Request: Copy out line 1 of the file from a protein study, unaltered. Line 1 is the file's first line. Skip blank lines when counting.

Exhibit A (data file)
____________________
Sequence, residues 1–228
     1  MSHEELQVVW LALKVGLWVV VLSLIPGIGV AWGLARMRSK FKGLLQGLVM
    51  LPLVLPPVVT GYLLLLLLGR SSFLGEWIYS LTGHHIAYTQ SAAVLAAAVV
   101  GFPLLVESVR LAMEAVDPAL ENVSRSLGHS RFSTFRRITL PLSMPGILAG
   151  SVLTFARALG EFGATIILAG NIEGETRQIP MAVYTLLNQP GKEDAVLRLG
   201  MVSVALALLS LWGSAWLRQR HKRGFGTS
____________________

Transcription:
Sequence, residues 1–228